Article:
Value of tuition waiver benefit was income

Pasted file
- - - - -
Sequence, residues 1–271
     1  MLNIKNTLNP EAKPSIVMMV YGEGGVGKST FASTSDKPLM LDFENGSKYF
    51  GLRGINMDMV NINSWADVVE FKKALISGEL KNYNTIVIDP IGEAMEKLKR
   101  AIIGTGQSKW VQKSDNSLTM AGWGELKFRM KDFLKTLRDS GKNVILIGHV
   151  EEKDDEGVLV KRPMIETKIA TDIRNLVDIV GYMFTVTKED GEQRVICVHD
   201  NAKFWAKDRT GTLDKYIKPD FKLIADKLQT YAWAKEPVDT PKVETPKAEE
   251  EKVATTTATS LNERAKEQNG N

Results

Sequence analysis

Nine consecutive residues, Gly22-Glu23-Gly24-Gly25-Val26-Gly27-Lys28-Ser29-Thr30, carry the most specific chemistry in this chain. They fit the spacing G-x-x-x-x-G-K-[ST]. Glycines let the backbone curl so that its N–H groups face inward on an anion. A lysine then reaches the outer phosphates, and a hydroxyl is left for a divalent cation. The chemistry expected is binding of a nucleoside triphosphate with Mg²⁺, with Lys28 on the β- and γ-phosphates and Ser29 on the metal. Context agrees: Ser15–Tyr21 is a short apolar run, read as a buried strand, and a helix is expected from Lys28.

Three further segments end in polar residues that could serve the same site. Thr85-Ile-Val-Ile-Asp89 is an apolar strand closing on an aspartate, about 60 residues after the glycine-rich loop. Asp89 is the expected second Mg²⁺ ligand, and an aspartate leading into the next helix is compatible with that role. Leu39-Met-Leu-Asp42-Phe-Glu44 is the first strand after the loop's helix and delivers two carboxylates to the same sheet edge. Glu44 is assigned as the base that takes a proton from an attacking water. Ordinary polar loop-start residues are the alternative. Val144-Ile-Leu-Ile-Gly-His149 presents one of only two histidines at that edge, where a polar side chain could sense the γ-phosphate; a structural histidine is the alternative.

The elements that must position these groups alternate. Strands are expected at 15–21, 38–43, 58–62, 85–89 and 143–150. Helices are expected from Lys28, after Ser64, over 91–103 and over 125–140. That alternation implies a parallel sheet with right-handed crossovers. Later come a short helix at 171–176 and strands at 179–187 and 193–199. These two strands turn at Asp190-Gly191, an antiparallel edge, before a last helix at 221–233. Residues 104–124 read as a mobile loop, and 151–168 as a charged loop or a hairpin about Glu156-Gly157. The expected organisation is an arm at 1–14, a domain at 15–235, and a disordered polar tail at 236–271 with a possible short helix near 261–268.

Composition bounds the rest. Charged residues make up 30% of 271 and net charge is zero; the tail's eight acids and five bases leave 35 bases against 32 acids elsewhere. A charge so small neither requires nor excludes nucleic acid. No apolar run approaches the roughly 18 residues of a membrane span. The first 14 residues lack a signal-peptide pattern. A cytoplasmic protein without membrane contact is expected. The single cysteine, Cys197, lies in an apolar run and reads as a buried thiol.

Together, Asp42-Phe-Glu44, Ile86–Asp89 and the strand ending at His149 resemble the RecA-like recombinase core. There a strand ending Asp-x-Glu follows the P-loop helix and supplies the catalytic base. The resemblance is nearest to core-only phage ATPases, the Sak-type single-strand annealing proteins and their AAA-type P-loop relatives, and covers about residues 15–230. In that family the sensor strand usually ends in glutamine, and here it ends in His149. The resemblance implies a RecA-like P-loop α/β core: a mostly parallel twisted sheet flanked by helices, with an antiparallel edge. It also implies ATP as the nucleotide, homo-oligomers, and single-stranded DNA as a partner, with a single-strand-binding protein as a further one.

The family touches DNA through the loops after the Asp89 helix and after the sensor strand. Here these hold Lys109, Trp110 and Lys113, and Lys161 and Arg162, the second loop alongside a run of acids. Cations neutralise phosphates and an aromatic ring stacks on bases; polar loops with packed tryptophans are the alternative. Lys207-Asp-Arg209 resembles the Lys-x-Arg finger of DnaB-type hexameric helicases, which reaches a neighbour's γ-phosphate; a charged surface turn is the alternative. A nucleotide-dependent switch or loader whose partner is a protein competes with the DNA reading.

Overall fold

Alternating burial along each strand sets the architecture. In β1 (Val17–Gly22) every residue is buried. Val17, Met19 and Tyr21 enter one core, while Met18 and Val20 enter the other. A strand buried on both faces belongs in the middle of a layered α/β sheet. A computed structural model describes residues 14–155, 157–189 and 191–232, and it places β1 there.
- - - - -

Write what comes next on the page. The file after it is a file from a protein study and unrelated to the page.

An individual was required to include in gross income the value of a tuition waiver benefit received during the tax year at issue. The taxpayer received the tuition waiver benefit for his son from a qualified educational institution. However, the taxpayer did not present any evidence other than a Form W-2 issued by the educational institution to prove that an employment relationship existed during the tax year at issue. Further, the taxpayer conceded that he did not work for the educational institution in any capacity after his termination in 1991. Additionally, the educational institution’s records confirmed that the taxpayer was not an employee since 1991. Moreover, the taxpayer’s termination was not contingent on age, years of service, or health considerations and he continued to work for a variety of other employers and himself after he was laid off by the educational institution. Therefore, the taxpayer’s separation from the educational institution did not fit within the ordinary meaning of the term “retirement.” Since the taxpayer was not an employee of the educational institution during the tax year at issue as contemplated by Code Sec. 117(d)(2)(A) or Code Sec. 132(h), he was not entitled to exclude from taxable income the value of the tuition waiver benefit received during the year at issue. (John A. Voigt and Lorinda C. Martin v. Commissioner, Docket No. 15709-16S, TC Summary Opinion 2018-251, Filed May 14, 2018.)

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